Thailand’s Aids Access Foundation (AAF) says news that Thailand is recording more than one new HIV infection each hour is proof the “country is in a crisis”, blaming the alarming number of new HIV infections on a lack of government interest and an inadequate allocation of money for HIV/AIDS prevention.
Thailand’s Ministry of Public Health (MoPH) estimates that more *464,414 people are currently living with HIV/AIDS in the Southeast Asian kingdom renowned internationally for the accommodating males and females who work in the country’s thriving sex industry, though sex workers are said to represent the lowest at-risk group. (*Ed: Independent figures put the number of people living with HIV/AIDS in Thailand at more than 530,000)
The ministry says almost 9,500 new HIV cases will be recorded in Thailand in 2012 with some 37 percent of infections or 3,530 new cases being men who have sex with men and 2,325 cases being women infected by their HIV positive partners. Intravenous drug users are said to represent 9.66 percent or 915 of the new cases while Thailand’s notorious sex workers are said to make up less than 3.39 percent of new HIV cases detected this year.
The MoPH says more than one million people are believed to have been infected with HIV/AIDS in Thailand (does not include foreign tourists) since 1984 and blames unsafe sex and low HIV testing rates for the rise.
Thailand government policies blamed for HIV rise
However, the AFFs Nimitr Tienudom said the Thailand government is partly to blame for the increase by banning public education campaigns promoting safe sex until after 10pm at night, while blood test results require two visits to a clinic or hospital and take three days for the results to be known.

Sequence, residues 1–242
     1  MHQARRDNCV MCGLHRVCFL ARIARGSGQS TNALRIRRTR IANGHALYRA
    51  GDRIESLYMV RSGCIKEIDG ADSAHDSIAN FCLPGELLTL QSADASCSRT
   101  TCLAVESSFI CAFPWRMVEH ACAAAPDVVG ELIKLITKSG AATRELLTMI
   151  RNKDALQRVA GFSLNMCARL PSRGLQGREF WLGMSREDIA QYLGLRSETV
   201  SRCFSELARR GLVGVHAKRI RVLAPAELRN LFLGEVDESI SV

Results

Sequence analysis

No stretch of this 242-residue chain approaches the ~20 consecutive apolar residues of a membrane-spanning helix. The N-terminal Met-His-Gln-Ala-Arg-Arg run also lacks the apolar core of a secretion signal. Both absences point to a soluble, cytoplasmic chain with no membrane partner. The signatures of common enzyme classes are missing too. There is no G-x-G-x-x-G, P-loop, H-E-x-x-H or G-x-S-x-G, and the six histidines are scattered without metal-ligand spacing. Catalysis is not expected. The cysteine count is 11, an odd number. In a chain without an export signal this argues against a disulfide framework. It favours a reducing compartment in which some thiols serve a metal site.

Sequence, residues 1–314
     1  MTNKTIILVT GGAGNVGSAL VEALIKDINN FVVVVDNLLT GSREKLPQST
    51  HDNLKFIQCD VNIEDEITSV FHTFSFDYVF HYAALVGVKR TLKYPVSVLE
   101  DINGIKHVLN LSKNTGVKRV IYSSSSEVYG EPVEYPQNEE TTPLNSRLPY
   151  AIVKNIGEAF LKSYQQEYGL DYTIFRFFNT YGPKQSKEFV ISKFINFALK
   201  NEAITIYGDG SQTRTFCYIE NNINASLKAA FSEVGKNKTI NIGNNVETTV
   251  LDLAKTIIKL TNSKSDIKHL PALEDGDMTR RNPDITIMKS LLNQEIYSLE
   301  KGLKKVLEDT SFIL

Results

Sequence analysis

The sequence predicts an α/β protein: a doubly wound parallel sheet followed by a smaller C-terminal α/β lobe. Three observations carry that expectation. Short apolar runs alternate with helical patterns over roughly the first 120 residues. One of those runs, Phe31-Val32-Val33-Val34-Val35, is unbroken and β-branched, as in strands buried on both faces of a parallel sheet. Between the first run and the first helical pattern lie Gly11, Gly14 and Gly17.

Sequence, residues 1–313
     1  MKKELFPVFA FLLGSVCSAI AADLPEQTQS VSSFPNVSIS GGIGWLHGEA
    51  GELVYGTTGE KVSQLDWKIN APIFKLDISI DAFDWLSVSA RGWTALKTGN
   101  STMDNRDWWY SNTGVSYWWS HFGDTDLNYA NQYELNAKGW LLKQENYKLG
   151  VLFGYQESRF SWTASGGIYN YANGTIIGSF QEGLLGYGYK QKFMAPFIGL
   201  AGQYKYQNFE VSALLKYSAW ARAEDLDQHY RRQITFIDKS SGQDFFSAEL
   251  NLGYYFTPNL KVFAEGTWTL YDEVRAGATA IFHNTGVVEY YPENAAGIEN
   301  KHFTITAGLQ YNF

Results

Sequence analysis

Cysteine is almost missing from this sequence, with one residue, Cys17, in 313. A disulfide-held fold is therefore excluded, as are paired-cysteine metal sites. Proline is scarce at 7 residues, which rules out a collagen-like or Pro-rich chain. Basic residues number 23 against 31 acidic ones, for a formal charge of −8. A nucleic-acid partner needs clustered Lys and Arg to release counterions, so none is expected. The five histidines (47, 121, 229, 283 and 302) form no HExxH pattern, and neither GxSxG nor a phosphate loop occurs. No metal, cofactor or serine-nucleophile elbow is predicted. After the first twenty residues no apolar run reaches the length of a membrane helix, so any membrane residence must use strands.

“The earlier people find out about the infection, the earlier they can start being treated” Mr Nimitr said, and urged the Thailand government to provide finger-prick rapid HIV test kits for people in high-risk groups.
Dr Pornthep Siriwanarangsan, director-general of Thailand’s Disease Control Department said getting the message across to young Thais to adopt safe sex practices was problematic.
“Some schools have even stopped us from holding activities to raise awareness among students. They won’t even allow us to install a condom-vending machine out of embarrassment,” he said.
Dr Pornthep recently called on Thailand parents to encourage their school-age daughters to carry two condoms in their bags “so they are always prepared, the same way that they carry toothpicks or their mobile phone”.
A recent study showed that the age that Thais start having sex is getting younger with about 20 percent of Thai girls losing their virginity at the age of 12, while 40 percent are sexually active by the time they reach 16.
“Teenagers are at high risk” Dr Pornthep said, adding that 80 percent of Thai teens admit to not using condoms.
Since 2003 Thailand has been awarded more than $US404.891 million in grants by The Global Fund, a public-private partnership and international financing institution dedicated to attracting and disbursing resources to prevent and treat HIV/AIDS, TB and malaria globally, with almost $235 million already having been received, the bulk of it by the MoPH.
In 2012 Thailand will receive more than $16.8 million in Global Fund grants to fund treatment and prevention programs, with recipients including the MoPH, the Raks Thai Foundation, World Vision Thailand, Aids Access Foundation, and Population Services International, USA.
Despite the large amount of money put at the Thailand government’s disposal less than half of HIV positive Thais utilise the the government sponsored free HIV programs because of the loss of anonymity involved and fear that other people will find out their HIV positive status, HIV workers claim.
Source: The Nation: ‘Country in crisis’
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The Global Fund • HIV infection • HIV transmission • instant HIV test kit • HIV cases • HIV in Thailand • STDs in Thailand • teen pregnancy • Ministry of Public Health • Thailand government • Thai girls • safe sex • Aids Access Foundation • Thai teens
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